Julie A. Fast is the bestselling author of Loving Someone with Bipolar Disorder: Understanding and Helping Your Partner, Take Charge of Bipolar Disorder: A Four Step Plan to Help You and Your Loved Ones Manage the Illness and Find Lasting Stability and Get it Done When You’re Depressed: 50 Strategies for Keeping Your Life on Track. Julie won the Mental Health America Journalism Award for her columnist work in BP Magazine and the Eli Lilly Reintegration Award for her work in the bipolar disorder management field. Julie is a regular speaker for the National Alliance on Mental Illness (NAMI) and the Depression Bipolar Support Alliance (DBSA). Julie’s frequent coauthor, Dr. John Preston specializes in the medications used to treat adult onset bipolar disorder as well as pediatric bipolar disorder and guides Julie in all of her writing and advice regarding medications. Julie is a coach for partners and family members of people with bipolar disorder and has one of the top bipolar disorder blogs on the web at www.BipolarHappens.com/bhblog. For more information about Julie’s work, please visit www.JulieFast.com
Great question. Relapse means that bipolar disorder creeps up on you and takes over your life once again. This illness is so sneaky.
Luckily, if you’re aware of the very, very basic beginnings of a mood swing, you can often catch the illness before it goes too far. This is what prevents relapse....Read More
Type I Diabetes and bipolar disorder are complicated and demanding illnesses. It makes sense that managing both of them at once would be a challenge, but it is possible. Bipolar disorder is a genetic illness that affects a person’s ability to regulate their moods. Type I diabetes is an auto immune illness...Read More
I believe that bipolar is 100% genetic. This doesn't mean it isn't triggered by many things. For example, anti-depressants can bring out latent bipolar and relationship troubles can lead to serious mood swings.
Drug and alcohol abuse, work troubles and travel, just to name a few can also trigger mood...Read More
Bipolar disorder is an episodic illness. This means that the
mood swings come and go with discrete beginnings and ends. Mood swings can be very long and seem like they go on forever, but they do end at some point.
For example, a full blown manic episode will eventually burn itself out after a period...Read More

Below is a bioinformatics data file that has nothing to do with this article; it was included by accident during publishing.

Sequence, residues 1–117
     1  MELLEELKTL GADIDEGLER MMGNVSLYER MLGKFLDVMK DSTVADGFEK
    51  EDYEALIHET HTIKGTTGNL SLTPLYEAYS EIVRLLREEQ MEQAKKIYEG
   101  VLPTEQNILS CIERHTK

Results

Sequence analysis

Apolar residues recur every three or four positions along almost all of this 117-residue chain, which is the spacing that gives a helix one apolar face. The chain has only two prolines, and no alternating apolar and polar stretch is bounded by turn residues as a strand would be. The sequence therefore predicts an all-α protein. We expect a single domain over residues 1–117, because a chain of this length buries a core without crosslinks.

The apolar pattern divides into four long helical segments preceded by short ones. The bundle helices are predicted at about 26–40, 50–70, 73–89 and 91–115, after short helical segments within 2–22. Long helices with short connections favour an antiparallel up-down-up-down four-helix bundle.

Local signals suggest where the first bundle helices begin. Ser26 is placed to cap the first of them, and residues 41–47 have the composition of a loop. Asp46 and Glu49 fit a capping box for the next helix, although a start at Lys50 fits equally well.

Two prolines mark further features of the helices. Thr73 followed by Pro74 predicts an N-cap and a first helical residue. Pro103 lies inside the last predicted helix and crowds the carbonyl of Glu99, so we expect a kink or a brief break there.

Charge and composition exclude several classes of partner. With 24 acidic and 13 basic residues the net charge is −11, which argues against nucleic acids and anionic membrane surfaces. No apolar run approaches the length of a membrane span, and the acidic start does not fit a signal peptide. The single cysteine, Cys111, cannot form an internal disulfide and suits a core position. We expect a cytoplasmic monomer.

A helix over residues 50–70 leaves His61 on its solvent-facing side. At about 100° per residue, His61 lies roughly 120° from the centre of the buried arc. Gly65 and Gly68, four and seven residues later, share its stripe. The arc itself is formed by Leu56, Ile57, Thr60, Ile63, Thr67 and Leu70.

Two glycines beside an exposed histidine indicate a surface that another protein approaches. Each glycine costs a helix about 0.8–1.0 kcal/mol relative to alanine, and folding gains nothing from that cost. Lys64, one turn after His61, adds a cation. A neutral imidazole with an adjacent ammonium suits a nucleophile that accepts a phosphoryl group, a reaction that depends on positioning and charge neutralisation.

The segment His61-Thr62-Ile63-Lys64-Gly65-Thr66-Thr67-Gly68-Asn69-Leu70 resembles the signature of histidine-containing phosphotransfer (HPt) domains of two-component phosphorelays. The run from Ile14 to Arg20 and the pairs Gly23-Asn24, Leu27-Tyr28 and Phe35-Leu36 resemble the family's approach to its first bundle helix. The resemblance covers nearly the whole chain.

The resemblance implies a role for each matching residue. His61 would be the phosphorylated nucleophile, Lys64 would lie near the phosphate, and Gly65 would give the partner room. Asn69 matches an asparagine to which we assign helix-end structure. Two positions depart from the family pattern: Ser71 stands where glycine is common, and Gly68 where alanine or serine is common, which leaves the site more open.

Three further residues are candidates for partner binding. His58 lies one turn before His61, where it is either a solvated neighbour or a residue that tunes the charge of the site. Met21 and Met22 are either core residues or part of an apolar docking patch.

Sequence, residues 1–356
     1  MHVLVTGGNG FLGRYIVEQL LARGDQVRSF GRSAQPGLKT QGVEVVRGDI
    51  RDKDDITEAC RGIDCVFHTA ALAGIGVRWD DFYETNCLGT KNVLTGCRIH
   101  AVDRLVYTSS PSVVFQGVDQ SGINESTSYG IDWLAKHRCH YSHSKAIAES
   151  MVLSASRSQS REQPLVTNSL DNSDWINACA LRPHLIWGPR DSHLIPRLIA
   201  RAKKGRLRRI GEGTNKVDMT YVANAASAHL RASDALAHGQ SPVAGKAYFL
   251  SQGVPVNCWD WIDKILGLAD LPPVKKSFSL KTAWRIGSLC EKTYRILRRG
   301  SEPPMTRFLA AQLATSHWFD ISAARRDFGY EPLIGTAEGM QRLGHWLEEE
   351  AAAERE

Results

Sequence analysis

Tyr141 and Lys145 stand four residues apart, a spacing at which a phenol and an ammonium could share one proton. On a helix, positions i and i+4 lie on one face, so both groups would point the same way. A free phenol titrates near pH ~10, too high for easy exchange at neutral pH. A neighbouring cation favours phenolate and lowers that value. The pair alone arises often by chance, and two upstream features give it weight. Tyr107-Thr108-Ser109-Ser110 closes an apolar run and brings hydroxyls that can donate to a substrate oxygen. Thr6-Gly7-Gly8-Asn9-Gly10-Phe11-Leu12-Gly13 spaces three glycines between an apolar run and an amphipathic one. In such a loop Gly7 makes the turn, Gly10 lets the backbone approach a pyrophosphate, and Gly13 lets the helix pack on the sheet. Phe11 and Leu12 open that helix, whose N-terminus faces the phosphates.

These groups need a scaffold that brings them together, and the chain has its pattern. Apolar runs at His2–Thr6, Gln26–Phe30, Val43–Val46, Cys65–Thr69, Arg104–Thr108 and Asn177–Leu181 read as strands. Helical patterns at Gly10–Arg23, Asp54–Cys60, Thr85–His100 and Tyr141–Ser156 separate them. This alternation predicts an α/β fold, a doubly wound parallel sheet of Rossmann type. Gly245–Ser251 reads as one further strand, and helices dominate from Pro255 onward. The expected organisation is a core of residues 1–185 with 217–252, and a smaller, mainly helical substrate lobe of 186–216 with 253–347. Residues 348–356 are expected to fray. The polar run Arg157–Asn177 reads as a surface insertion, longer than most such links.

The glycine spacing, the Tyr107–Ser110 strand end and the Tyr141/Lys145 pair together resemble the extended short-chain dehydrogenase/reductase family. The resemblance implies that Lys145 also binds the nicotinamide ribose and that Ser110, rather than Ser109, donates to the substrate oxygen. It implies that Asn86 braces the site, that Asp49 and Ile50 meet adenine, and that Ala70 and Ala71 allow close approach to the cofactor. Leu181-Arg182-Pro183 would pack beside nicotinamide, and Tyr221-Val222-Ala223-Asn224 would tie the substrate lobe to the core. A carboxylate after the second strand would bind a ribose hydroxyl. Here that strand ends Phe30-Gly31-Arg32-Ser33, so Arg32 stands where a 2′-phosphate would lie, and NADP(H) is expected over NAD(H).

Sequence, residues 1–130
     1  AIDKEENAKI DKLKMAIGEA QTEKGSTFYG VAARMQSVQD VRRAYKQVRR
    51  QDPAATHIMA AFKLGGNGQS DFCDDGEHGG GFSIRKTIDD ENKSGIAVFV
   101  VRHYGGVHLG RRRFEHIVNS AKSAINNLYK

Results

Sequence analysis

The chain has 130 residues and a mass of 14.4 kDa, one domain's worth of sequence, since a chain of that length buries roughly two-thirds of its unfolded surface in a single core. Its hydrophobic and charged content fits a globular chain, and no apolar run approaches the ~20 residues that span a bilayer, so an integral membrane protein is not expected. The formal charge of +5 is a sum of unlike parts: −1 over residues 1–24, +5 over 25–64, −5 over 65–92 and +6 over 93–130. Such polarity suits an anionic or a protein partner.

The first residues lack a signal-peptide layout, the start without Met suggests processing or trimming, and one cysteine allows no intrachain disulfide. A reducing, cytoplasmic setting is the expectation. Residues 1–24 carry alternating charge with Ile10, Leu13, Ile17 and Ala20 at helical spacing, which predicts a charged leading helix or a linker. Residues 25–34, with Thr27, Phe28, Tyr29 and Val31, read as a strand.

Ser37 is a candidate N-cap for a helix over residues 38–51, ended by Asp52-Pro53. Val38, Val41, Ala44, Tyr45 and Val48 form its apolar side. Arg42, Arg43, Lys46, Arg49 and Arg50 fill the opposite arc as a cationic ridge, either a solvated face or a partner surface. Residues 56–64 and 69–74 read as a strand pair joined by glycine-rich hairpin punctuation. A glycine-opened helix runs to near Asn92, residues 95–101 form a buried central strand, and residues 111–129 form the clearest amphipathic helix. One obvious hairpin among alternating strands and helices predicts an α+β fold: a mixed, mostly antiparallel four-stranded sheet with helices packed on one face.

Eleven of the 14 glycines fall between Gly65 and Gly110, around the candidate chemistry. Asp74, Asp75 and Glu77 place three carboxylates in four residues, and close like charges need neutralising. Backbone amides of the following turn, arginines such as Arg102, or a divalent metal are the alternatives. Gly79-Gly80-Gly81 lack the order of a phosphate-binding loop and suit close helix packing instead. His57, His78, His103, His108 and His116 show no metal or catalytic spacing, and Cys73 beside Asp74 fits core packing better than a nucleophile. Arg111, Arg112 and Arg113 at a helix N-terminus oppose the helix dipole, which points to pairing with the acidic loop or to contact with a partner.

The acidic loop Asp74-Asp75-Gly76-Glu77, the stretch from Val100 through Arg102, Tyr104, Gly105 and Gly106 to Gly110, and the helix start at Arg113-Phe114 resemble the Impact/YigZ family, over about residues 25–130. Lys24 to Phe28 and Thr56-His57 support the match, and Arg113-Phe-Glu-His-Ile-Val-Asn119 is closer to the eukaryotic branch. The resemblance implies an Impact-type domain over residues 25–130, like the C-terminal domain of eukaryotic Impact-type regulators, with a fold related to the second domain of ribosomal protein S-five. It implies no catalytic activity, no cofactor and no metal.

It’s often hard to miss the beginning signs of bipolar euphoric mania because it feels so good!
Here is a quiz to spot the signs of feeling a bit TOO good which means you must get help before the euphoric mania turns into grandiose, out of control mania.
As compared to how you are when...Read More
I think it's quite easy to diagnose bipolar disorder once you know the basics of the illness. Bipolar Disorder doesn't change much in terms of symptoms- what changes is the severity and frequency of the symptoms.
There are four basic mood swing categories I write about in my bipolar disorder work: Depression,...Read More
A bit of background: There are two types of mania: a dysphoric (agitated mania) that is really awful and an euphoric mania that can feel like true extreme happiness! Woo hoo! (but untrue).
I was manic for over 20 years and though it was the real me. I was just so much happier when I was manic.
Then I faced...Read More
Bipolar disorder, along with depression is a mood disorder. It’s an illness that affects brain chemicals and causes changes in moods that are 'non average' responses to outside events. This is why it’s so hard for those of us with the illness to handle change and stressful life events. This includes life...Read More
Here are the four main symptoms of bipolar disorder:
Mania Depression Anxiety Psychosis
These main symptoms of bipolar can mix and match.
Mania can be pure mania: It's a chemically elevated mood that is either full blown (WAY up there or ...hypomania- the milder...Read More
It’s an extremely important topic, but the basics can be simple.
1. Work with someone who has actual experience with bipolar disorder. It’s a very difficult illness to treat and many traditional treatments from medications to therapy can be used incorrectly if the bipolar disorder is not taken...Read More
Be honest and gauge what to say depending on the age of your child.
Six years ago when my nephew was three, we were standing next to my big lavender plant on a sunny day. I said, “David, I know you won’t understand this now, but I want to tell you about my bipolar disorder. It’s an illness that makes my moods go up and down. Sometimes...Read More
A dual diagnosis means a person has a bipolar disorder diagnosis along with a drug or alcohol dependency.
One of the top reasons a person with bipolar disorder has a poor treatment outcome is due to drug and alcohol abuse.
Three Reasons for the Abuse
1. When a person lacks the insight that they...Read More
I've had bipolar disorder mood swings since the age of 17. For many, many years I didn't know what was wrong. When I was finally diagnosed, I thought the medications would just take care of my problems! It wasn't that simple. I didn't respond well to medications, so I knew I had to come up with my own...Read More
Oh my, yes!
I found that my entire life had to change when I was finally diagnosed with bipolar II at age 31.
There were good changes and very, very tough changes. But I made them and still make them daily. It's complex! But life can be good.
Here are the areas where changes in routine make the biggest...Read More
I asked my coauthor Dr. John Preston for a physiological explanation of why people have a hard time breathing when they are anxious.
I learned a lot from his answer. I hope you will too!
When there is significant anxiety, people tend to engage in one of two types of breathing: